By LSS Secretary Charlie Klendjian
A few weeks ago I appeared on the BBC1 programme The Big Questions to discuss, well, a big question: “Should human rights always outweigh religious rights?” You can watch it on YouTube here.
I very much enjoyed the experience, and not just because of the limitless KitKats the production company generously laid on. What I haven’t found so enjoyable, though, is subsequent events.
On the programme were two friends of mine, Chris Moos and Abhishek Phadnis of the LSE Students Union Atheist, Secularist and Humanist Society. They were on the programme because they had recently got into trouble with their university for the hideous crime of…wearing “Jesus and Mo” t-shirts at the LSE Freshers’ Fair in October of last year.
The LSS fully and unequivocally supported Chris and Abhishek and we condemned the LSE’s disgraceful reaction to such a harmless act (see here, here and here). I’m pleased to report that Chris and Abhishek did eventually receive something resembling an apology from the LSE but unfortunately this was only after my student friends had formally instructed a Matrix QC and Leigh Day solicitors to help them. You can read Chris and Abhishek’s joint statements about what happened at Freshers’ Fair here (day 1) and here (day 2); you can read Abhishek’s fantastic blog post about it here; and you can read their joint statement in response to what they see as LSE’s “half-apology” here.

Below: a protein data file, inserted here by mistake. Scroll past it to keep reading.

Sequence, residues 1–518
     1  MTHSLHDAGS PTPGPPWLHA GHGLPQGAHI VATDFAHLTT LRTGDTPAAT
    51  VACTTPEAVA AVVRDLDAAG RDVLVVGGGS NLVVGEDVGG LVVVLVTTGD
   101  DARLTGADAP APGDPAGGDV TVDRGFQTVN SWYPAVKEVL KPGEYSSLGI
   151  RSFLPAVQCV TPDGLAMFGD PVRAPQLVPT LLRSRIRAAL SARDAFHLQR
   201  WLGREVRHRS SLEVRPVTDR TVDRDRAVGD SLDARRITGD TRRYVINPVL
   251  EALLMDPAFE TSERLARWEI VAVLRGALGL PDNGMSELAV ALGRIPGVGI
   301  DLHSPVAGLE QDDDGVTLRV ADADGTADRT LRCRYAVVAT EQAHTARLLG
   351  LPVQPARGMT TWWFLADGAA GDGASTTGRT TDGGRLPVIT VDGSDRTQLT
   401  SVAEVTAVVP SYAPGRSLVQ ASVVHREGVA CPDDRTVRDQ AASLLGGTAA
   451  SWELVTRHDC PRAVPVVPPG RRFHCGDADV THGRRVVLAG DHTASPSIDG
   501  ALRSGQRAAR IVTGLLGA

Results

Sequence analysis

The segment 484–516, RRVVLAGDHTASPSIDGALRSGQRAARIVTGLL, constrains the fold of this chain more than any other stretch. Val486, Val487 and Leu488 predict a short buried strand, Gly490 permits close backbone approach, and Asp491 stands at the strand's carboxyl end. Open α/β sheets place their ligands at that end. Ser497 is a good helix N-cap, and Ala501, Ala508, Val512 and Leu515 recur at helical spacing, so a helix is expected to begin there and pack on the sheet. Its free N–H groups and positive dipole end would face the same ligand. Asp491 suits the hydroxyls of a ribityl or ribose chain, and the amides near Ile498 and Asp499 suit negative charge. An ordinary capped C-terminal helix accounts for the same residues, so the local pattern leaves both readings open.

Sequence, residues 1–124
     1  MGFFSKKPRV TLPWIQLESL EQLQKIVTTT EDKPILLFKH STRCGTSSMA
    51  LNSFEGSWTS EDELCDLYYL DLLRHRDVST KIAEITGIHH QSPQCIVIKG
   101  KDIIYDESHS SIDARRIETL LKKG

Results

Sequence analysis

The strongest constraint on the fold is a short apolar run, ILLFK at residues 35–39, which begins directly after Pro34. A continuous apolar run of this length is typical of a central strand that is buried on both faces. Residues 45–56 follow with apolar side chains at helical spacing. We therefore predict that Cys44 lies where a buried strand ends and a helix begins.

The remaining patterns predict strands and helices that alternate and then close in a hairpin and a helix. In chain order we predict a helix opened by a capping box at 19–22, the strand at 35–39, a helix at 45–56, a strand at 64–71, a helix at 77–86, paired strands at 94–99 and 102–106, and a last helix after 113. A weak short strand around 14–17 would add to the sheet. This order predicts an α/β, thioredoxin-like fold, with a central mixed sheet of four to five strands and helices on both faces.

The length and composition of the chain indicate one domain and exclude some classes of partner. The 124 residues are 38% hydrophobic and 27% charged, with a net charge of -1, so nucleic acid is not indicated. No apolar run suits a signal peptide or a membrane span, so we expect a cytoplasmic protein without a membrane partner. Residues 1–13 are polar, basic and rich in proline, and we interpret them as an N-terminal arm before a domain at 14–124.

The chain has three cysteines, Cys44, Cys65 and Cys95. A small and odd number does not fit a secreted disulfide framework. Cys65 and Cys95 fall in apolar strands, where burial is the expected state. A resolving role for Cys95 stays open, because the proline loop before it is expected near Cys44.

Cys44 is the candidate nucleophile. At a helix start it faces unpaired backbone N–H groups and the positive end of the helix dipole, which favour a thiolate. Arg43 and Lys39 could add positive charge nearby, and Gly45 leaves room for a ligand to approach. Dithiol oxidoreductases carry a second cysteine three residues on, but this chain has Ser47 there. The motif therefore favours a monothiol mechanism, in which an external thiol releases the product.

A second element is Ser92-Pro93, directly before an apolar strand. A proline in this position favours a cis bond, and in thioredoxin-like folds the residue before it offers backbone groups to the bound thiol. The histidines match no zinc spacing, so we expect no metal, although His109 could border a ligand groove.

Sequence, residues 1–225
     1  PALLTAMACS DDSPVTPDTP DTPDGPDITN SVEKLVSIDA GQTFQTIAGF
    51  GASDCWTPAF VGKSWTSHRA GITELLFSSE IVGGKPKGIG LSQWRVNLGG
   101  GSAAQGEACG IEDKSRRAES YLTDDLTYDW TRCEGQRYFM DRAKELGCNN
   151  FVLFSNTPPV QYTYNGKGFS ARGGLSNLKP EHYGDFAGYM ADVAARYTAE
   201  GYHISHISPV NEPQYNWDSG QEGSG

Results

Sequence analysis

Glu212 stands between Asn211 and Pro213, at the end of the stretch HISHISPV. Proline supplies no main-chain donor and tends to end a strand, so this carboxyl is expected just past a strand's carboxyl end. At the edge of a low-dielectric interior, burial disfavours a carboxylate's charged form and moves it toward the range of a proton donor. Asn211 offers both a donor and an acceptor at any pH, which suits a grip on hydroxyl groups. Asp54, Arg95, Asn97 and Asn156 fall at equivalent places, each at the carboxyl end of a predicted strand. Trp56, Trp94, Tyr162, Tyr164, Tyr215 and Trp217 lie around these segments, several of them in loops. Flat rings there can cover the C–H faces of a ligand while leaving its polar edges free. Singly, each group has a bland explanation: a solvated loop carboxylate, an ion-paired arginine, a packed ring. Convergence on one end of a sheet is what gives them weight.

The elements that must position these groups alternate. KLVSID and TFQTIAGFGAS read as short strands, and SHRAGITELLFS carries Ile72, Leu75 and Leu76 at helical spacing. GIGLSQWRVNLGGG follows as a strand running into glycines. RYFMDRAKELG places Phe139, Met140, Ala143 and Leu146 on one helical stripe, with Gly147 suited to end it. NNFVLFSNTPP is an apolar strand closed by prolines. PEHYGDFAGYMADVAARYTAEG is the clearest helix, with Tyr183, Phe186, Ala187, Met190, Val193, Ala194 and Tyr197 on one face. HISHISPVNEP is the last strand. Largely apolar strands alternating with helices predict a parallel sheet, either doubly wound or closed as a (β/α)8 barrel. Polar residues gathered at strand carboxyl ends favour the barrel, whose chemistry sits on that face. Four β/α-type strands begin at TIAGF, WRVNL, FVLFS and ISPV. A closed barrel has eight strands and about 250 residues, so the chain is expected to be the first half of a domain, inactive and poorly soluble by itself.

The Big Questions showed the t-shirts Chris and Abhishek were wearing, though they didn’t show any close-ups. Sitting next to me on the programme was Maajid Nawaz, who is the Liberal Democrat prospective parliamentary candidate for Hampstead and Kilburn and the co-founder and chair of the Quilliam Foundation, a counter-extremism think tank. Nawaz made it very clear on the programme that he, as a Muslim, had no objection to the t-shirts.
Shortly after the programme went out Nawaz tweeted a picture of one of the Jesus and Mo cartoons from the t-shirts – the same picture at the top of this blog post – saying:
“This Jesus & Mo @JandMo cartoon is not offensive&I’m sure God is greater than to feel threatened by it الله أكبر منه”.
And then things got crazy: there were death threats against Nawaz and a petition calling for his de-selection as a PPC.
So far, so bad.
Then things got crazier.
Last week two of our flagship news programmes, Channel 4 News and BBC’s Newsnight, in covering Nawaz’s plight, refused to show the cartoon he had tweeted. Displaying an inexplicable impatience to get into the Easter spirit in January, Channel 4 News decided to use what looked like a “black egg” to cover the image of Mohammed:
Newsnight didn’t even do that; they just avoided it completely. As the eccentric Christian blogger “Archbishop Cranmer” put it, this is how Newsnight depicted the cartoon:
In censoring themselves Channel 4 News and Newsnight not only failed in their task of reporting the news to their viewers – to enable their viewers to form their own opinion about the cartoon – but they also reinforced the very religious taboo that Nawaz had received death threats for challenging and which had landed Chris and Abhishek in hot water with the Libyan School of Economics – sorry, the London School of Economics. As Nawaz tweeted: